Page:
Tuesday, July 5, 2011

Review of Bonheur d'Occasion (The Tin Flute)

Technically, as with Ringuet's Trente Arpents, the English translation of Bonheur d'Occasion won the 1947 Governor General's Award for fiction. However, as I am reasonably competent in French, I chose to read the original.

Bonheur d'Occasion tells the story of a working class family in the Saint-Henri neighbourhood of Montreal. In particular, the narrative focuses on the eldest daughter Florentine, and to a lesser extent her mother with other family members playing less significant, but sometimes important roles. The story centres on Florentine and her romantic interest in Jean Lévesque and her later relationship with Emmanuel Létourneau.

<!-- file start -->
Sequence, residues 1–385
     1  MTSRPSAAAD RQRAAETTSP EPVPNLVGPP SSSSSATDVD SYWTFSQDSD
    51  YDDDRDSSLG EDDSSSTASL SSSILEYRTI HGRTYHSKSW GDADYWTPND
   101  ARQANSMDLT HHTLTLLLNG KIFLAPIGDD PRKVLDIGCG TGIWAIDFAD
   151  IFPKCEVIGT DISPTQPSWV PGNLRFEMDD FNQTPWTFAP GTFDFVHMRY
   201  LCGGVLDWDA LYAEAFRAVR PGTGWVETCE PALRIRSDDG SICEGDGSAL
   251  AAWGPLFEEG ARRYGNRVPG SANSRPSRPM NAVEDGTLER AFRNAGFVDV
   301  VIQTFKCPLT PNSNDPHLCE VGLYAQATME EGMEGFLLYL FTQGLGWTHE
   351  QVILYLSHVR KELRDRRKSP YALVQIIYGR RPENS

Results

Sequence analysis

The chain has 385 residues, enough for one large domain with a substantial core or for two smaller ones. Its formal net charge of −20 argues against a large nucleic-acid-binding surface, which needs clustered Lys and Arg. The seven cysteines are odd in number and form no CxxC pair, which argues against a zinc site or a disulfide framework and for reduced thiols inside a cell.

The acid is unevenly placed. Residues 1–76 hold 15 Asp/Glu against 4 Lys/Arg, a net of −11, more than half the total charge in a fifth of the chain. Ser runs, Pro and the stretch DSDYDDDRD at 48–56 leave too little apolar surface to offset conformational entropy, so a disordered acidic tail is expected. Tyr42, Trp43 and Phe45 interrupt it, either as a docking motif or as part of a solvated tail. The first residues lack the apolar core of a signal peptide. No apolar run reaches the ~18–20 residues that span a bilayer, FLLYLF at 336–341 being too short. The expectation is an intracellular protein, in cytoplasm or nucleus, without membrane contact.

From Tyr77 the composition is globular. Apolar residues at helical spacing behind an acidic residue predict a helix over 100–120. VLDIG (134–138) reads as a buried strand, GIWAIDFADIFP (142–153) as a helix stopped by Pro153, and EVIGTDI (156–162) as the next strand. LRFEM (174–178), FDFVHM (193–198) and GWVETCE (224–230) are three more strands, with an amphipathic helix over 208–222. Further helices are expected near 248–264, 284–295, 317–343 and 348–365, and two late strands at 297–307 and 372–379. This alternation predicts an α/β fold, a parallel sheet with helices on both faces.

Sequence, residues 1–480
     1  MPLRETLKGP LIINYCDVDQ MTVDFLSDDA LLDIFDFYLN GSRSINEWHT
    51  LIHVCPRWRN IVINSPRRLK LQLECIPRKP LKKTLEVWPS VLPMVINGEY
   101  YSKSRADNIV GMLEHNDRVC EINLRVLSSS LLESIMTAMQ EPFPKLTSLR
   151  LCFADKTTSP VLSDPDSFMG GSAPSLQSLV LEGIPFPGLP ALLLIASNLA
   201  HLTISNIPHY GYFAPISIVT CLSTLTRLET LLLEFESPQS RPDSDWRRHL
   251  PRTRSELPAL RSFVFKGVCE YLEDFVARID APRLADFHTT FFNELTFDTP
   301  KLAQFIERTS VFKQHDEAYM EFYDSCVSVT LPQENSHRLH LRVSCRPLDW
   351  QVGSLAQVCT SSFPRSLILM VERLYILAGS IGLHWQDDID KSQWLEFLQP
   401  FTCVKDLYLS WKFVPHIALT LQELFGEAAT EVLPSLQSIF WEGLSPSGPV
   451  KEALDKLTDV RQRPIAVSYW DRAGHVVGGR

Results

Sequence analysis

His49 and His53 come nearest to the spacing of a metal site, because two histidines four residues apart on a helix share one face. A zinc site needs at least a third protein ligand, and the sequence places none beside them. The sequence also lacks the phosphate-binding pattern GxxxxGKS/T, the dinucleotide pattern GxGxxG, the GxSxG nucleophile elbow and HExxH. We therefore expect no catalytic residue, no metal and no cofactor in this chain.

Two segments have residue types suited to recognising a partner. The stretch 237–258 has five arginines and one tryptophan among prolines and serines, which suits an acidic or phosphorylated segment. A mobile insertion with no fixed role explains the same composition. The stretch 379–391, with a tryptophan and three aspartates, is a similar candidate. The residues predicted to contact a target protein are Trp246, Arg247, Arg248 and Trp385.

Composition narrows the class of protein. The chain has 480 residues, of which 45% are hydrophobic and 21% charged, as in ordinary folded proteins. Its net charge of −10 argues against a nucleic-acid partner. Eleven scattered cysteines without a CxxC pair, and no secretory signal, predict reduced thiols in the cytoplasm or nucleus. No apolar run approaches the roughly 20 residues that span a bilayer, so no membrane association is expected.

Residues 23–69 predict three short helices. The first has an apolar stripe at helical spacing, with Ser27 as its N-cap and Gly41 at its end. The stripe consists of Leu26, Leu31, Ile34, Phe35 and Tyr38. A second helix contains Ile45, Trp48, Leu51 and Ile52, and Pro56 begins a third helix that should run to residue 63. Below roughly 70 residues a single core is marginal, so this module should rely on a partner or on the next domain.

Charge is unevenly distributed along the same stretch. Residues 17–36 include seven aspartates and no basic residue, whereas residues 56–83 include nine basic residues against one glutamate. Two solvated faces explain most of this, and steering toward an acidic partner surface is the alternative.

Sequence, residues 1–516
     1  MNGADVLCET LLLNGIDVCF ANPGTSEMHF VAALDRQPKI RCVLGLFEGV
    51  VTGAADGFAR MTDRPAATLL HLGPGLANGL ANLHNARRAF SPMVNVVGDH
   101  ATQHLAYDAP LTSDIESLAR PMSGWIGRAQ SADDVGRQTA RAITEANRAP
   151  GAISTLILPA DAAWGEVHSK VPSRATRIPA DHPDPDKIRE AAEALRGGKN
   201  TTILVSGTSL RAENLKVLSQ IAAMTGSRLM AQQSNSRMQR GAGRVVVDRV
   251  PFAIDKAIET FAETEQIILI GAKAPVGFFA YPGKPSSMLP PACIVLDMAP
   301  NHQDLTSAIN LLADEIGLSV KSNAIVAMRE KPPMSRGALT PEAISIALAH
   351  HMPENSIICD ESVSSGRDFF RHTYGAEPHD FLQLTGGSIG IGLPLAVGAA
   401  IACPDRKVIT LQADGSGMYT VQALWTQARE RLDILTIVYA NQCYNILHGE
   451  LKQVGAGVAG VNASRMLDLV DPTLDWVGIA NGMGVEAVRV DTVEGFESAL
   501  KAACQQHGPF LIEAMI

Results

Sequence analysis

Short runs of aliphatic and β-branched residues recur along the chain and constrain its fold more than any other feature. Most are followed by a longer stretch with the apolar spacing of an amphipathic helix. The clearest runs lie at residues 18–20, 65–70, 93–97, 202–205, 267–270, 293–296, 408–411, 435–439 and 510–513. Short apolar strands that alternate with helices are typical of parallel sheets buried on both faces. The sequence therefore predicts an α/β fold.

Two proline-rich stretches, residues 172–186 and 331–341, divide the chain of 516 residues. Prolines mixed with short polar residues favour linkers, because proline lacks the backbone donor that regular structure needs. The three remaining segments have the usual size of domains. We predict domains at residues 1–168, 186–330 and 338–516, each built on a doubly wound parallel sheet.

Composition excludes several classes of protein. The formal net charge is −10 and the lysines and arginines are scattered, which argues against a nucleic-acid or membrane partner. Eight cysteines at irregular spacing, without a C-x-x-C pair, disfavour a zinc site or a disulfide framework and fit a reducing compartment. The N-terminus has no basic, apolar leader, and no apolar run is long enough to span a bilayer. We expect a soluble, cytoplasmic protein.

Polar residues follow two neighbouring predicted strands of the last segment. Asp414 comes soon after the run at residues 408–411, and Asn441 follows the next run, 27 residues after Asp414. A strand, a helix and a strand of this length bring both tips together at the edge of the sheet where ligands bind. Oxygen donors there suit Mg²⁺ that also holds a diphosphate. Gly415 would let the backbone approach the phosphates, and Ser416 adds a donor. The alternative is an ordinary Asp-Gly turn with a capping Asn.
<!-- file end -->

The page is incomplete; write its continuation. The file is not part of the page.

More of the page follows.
While the characters are certainly important, Gabrielle Roy's novel speaks to larger issues including urban poverty in Montreal, social class, language issues, and the Second World War. Roy has created a novel full of local colour and larger social, political, and cultural issues.

Beyond the strong narrative and social issues, Roy's use of language is tremendous. She describes scenes eloquently with precision, while not bogging the reader down in endless detail.

Overall, this is a very impressive novel. It works on every level and I am at a loss for any serious criticism. It succeeds as a period piece and as great literature.